Posted on 21 May 2009
President Barack Obama in a memo released on Wednesday called for a rollback of Bush administration regulations designed to protect companies from product-liability lawsuits in state courts.
The memo didn't name specific industries but it could affect a wide range of consumer products subject to both federal and state regulation.
Companies have long complained about having to deal with 50 different state rulebooks, and the Bush administration aggressively took up the issue. It encouraged federal agencies to issue rules pre-empting state laws and declared that a single federal standard held sway.
In a two-page memo, President Obama reversed that stance. He said federal agencies and departments should claim that state law is pre-empted by federal law only when there is a well-defined legal basis. He ordered agencies to review regulations from the past 10 years to see if the government had improperly asserted federal pre-emption.
Democratic-leaning legal groups, including trial lawyers, cheered the move, while business groups panned it.
"One thing we know is you can't sue your way into an economic recovery," said Bryan Quigley of the U.S. Chamber of Commerce. "Allowing for more lawsuits will not create more jobs, except maybe for plaintiffs lawyers."
During the 2008 election, the tort bar discussed with Democratic candidates its strong desire to roll back Bush-era pre-emption regulations. It further pushed its case in talks with the Obama transition team before Christmas.
The lobby for trial lawyers, the American Association for Justice, said the president's order "overturned actions taken by Bush administration bureaucrats who were influenced by powerful, well-connected corporations." The move will buttress "laws designed to give Americans basic rights to hold wrongdoers accountable," a statement said.
Mr. Obama's order said state laws play a valuable role in supplementing federal regulation. "State and local governments have frequently protected health, safety and the environment more aggressively than has the national government," he said.
Bush officials have said state consumer-safety laws gave plaintiffs too many opportunities to circumvent prohibitions on product-liability suits. State laws also helped plaintiffs win large punitive damages. The pharmaceutical industry was hit particularly hard by such tort actions.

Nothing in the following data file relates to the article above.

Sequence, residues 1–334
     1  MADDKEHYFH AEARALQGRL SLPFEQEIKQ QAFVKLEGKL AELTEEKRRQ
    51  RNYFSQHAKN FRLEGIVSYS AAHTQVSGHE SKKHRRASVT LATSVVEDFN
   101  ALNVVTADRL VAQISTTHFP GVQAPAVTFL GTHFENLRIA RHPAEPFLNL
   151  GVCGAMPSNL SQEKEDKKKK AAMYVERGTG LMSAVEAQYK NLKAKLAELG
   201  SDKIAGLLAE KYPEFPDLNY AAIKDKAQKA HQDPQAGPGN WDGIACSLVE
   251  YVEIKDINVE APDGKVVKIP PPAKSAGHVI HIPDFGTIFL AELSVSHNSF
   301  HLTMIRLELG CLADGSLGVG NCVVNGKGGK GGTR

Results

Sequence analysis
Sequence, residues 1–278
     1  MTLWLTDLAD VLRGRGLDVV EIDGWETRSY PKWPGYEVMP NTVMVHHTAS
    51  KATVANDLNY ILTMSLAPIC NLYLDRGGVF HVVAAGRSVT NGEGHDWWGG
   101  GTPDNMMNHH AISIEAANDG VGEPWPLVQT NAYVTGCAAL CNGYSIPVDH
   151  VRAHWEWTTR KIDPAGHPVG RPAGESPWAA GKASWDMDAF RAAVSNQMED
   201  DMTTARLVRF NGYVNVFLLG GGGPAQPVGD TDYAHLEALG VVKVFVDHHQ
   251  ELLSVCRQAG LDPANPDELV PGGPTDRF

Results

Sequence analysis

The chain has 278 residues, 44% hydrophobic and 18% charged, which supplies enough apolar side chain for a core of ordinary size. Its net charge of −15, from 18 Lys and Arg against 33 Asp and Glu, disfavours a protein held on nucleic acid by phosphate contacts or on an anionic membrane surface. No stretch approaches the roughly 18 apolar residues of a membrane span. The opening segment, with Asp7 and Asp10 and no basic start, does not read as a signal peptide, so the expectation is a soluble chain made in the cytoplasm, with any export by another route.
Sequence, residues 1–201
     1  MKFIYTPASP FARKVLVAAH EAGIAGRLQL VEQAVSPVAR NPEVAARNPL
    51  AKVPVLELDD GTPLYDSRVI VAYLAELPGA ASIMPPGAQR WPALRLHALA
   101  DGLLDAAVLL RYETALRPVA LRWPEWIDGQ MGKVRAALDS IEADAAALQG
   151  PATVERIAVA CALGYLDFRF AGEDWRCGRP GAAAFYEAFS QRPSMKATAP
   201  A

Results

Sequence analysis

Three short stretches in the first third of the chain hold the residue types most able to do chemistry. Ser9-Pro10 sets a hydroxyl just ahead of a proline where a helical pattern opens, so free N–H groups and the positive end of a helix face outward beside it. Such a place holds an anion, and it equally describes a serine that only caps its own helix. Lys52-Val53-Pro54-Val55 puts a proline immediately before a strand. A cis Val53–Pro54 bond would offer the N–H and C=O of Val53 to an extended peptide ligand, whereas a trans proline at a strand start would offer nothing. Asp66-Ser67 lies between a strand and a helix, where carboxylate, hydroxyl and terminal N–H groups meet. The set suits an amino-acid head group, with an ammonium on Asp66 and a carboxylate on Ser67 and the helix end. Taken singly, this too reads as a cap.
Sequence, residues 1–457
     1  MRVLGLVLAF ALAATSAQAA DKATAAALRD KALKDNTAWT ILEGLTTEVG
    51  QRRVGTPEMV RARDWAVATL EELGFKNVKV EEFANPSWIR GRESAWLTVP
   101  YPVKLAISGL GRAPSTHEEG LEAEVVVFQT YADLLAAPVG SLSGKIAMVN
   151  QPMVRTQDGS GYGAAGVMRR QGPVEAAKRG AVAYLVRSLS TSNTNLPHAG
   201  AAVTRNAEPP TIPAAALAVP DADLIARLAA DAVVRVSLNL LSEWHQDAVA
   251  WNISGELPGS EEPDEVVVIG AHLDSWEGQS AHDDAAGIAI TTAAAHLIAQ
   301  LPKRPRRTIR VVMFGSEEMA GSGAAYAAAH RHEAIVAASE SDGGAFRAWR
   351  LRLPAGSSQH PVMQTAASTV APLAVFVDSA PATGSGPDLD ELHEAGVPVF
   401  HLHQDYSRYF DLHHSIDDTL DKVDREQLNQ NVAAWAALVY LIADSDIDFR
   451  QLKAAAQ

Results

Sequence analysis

Jay Lefkowitz, who led the Bush effort and now represents drug companies in private law practice, said Mr. Obama's move would undo efforts to "save consumers money and eliminate a lot of unnecessary lawsuits." He added, "The silver lining is it's great to have a president with such healthy respect for states' rights."
Beginning in 2005, Bush officials at regulatory agencies, particularly the Food and Drug Administration and the Department of Transportation, began inserting language that pre-empted state-level suits involving federally regulated products. They included prescription drugs, cars, mattresses, motorcycle brakes and railroad cars.
The Supreme Court has already said that some pre-emption efforts went too far. In March, the high court struck down pre-emption involving drugs in a major case, Wyeth v. Levine. Diana Levine of Vermont sued the drug maker Wyeth under Vermont state law after improper administration of its anti-nausea drug phenergan caused her to develop gangrene. She lost an arm. Wyeth claimed that pre-emption language inserted in an FDA regulation protected the company. The FDA supported Wyeth in a friend-of-the-court brief.
In the court's ruling, Justice John Paul Stevens criticized the FDA's attempts at pre-emption and wrote that its position was "inherently suspect," because the agency failed to follow normal procedures for regulatory changes.
The White House order will have major consequences for businesses, consumers and state regulators. The policy changes outlined in Mr. Obama's memo not only could make it easier for consumers to sue, but could also free the hands of state regulators who believe that a lack of federal regulation in banking and other industries helped contribute to the current financial crisis.
"This directive is a very positive sign that the federal government will get out of the way and let state attorneys general defend their citizens from predatory lending, dangerous products, and environmental hazards," said Jerry Brown, California's attorney general.
Lawsuits against medical-device makers are still pre-empted under a longstanding federal law on devices, but Democrats in Congress, supported by the tort bar, are pushing legislation that would allow such suits.